With this type of hydroponically grown green fodder, the whole product can simply be lifted out of the tray and delivered to the livestock. They will consume everything from the roots to the shoots! This means that the process creates very little mess and leaves behind very little waste. Most farmers either lay the mats down in front of their animals for the animals to eat or the break mats up into the animal feeding trays.

It is important that the plastic trays are properly washed and cleaned before the next batch of grains is laid to grow. Without following proper hygiene practices, the trays can become hotbeds for mould and bacterial growth. However, the proper cleaning process is quick and easy.

Nutritional Benefits of Sprouting Grain Fodder

Sprouting barley fodder produces a grain grass which is high in protein and high in energy. This is an ideal combination to create a healthy, strong and heavy animal. The grown produce has a digestibility rating of around 90%, meaning that it is easy to digest and is unlikely to cause any form if digestive issue in healthy livestock. This compares to some other feed types which contain indigestible portions. Grain grass is also high in Vitamin A, E, Folic Acid, Biotin and Beta-Carotene. It is recommended that animals are fed a mixture of foods which include a healthy portion of sprouting grain fodder. The mixture that should be used will depend on a range of factors and is unique to the livestock in question.

What are the benefits of offering sprouting grain fodder to animals?

Knowing what to feed your animals during the winter months can be difficult, in part due to the reduction in locally-available, fresh produce. Livestock need to be given nutritious food all year round to maintain their health and to ensure the quality of their produce. Sudden changes in diet during winter can have an effect on the health of your animals, in the same way that suddenly changing a human diet can have a profound effect on the human digestive system. If it is not possible to leave the animals out in a pasture all year round or if the pasture areas are not productive at certain times in the annual cycle, dietary changes should be made gradually. Feeding the animal with fresh sprouting grain fodder is one way of doing this, because fodder grown using a controlled growing system actually mimics the nutritional values fresh pasture forage.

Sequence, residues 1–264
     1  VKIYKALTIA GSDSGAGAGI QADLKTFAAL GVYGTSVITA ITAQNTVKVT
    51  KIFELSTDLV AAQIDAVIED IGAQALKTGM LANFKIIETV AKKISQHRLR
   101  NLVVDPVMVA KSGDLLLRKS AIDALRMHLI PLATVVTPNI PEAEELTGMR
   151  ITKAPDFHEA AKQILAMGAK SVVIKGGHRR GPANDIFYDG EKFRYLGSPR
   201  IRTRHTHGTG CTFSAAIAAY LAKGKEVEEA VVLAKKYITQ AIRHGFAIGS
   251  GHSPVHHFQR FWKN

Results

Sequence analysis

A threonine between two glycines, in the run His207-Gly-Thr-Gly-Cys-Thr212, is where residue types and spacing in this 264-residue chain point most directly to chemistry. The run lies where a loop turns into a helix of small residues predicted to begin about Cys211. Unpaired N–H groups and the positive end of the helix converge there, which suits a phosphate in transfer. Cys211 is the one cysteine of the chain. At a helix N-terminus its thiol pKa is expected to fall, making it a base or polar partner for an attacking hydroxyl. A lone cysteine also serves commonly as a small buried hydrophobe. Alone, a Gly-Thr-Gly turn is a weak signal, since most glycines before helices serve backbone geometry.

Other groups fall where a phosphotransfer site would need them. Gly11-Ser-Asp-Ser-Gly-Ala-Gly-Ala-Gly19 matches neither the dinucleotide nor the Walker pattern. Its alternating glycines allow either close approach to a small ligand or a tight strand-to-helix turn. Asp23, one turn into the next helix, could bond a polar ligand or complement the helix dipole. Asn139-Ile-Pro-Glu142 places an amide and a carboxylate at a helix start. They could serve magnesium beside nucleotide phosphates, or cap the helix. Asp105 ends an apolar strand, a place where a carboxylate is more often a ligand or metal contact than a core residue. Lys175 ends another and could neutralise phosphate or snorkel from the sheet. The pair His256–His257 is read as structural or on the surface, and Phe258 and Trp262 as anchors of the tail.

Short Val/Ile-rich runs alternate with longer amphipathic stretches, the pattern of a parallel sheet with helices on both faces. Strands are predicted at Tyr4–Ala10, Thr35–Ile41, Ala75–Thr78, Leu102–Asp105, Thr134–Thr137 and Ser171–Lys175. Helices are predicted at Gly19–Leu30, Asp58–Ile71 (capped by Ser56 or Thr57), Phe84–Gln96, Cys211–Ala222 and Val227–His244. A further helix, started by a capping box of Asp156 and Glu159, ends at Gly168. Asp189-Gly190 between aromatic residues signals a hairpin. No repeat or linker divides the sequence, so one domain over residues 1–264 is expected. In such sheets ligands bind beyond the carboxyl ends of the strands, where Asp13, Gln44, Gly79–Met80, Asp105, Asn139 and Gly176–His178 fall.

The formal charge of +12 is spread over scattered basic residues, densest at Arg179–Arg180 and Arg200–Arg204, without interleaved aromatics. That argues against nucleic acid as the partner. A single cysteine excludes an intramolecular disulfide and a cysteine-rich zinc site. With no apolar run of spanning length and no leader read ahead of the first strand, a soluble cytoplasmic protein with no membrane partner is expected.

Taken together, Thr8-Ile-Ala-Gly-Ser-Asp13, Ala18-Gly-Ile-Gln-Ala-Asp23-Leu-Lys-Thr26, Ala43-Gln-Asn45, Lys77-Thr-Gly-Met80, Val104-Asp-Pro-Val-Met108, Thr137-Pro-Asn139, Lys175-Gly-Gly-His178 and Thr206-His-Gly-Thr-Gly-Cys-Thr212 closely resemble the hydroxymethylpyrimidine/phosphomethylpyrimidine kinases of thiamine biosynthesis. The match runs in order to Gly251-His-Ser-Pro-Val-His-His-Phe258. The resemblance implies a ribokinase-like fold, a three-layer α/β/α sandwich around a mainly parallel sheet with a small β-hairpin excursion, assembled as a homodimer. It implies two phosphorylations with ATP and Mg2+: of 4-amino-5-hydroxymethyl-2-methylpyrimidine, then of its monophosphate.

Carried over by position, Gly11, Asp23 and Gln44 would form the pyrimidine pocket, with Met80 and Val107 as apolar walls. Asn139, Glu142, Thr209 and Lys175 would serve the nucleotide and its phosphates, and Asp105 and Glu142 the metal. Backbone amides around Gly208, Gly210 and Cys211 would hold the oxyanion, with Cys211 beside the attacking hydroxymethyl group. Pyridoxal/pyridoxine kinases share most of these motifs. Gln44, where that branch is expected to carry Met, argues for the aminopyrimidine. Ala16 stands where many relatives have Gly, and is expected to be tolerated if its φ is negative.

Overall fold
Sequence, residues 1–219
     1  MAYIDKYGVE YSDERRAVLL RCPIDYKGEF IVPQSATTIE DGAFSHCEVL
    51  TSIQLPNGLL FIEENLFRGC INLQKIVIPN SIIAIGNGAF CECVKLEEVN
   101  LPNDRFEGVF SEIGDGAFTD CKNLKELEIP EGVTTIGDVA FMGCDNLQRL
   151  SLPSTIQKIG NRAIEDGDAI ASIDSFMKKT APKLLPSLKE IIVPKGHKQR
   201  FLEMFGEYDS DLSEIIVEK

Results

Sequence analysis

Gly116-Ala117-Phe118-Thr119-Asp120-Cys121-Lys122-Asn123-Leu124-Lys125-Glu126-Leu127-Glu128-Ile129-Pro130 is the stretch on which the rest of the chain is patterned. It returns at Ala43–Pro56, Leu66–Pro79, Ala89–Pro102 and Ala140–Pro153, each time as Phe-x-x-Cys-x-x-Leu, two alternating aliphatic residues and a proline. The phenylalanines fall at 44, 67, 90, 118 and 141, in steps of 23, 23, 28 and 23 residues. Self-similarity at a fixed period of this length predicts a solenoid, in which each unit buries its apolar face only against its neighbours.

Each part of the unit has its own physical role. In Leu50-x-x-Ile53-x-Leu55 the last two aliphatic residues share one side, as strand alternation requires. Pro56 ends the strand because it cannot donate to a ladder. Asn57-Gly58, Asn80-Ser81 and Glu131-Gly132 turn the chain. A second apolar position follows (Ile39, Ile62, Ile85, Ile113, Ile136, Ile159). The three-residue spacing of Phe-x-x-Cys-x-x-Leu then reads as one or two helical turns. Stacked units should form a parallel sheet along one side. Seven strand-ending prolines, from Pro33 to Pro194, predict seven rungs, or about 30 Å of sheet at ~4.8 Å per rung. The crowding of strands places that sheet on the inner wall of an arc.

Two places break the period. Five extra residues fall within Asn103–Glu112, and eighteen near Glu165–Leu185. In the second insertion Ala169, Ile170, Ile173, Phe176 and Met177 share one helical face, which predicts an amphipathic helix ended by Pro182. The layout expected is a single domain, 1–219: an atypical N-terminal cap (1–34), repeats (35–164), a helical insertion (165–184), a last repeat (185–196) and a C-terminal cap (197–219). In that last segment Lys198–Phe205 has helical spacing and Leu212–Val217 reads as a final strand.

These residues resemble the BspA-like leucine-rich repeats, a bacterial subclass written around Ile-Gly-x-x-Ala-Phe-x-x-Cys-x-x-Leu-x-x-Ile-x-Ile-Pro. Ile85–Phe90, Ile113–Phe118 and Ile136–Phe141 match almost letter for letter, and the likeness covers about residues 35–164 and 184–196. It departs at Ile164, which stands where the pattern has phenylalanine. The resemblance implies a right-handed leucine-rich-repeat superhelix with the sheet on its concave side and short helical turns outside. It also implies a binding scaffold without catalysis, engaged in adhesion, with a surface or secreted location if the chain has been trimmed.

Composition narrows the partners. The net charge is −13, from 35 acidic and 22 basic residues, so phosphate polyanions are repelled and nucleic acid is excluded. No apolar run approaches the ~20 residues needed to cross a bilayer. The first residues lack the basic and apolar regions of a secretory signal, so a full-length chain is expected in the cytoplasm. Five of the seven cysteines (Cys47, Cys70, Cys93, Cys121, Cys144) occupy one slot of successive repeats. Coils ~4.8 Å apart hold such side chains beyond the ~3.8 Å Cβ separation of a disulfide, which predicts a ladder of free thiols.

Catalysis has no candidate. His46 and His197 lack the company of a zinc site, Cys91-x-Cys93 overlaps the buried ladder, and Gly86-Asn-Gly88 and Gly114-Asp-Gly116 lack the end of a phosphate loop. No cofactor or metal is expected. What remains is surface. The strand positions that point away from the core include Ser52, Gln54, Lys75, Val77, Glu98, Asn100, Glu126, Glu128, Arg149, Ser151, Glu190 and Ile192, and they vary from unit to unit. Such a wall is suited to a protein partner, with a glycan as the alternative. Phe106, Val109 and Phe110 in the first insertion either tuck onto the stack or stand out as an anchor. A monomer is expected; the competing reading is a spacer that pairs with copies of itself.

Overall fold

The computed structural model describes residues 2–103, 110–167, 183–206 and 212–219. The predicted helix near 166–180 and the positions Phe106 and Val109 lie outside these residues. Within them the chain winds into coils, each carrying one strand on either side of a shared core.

The nutritional benefits of eating green fodder really depend on the species of animal which is being fed. That being said, all of the major land-based animals which are farmed in Australia will receive some benefits from consuming sprouting grain fodder in their diet, as opposed to a diet that consists solely of dried fodder or pellet-based feeds.


Feeding cattle sprouting grain fodder when they are unable to gain access to fresh pasture has been shown to increase the milk yield of the animals. Animals have also been found to gain weight more easily when they are fed fresh fodder. Both of these factors help to increase the profitability of the cattle, regardless of whether they are being kept as meat or diary animals. Trials in America have shown that dairy cattle which have been fed fresh fodder on a daily basis actually produced a 28% higher milk yield that cows which had been fed dried grass. This particular piece of research studied yields over a 29 year period, in order to gain an accurate picture of the effects of different food types. An alternative study that was conducted in New Zealand showed that beef cattle which were fed 15kg of green fodder per day over a twelve week period showed a weight gain of 41% compared to the same breed of cattle which were being fed using normal non-fresh feed. Finally, sprouting barley feed is known to alter the pH balance of the rumen in such a way that digestion occurs more easily. This means that the animals are able to conserve energy during digestion, which can help to improve fertility levels.


Green fodder has been shown to improve the growth rate of pigs, with pigs that have fed on green fodder being shown to reach their final target weight at least 2 weeks before their counterparts. In terms of fertility and child-rearing potential, green fodder-fed pigs come into heat much quicker and then continue to produce milk for a much longer period after giving birth. For piglets, being able to feed from their mother for much longer encourages a faster early growth rate and improves their ability to resist certain diseases.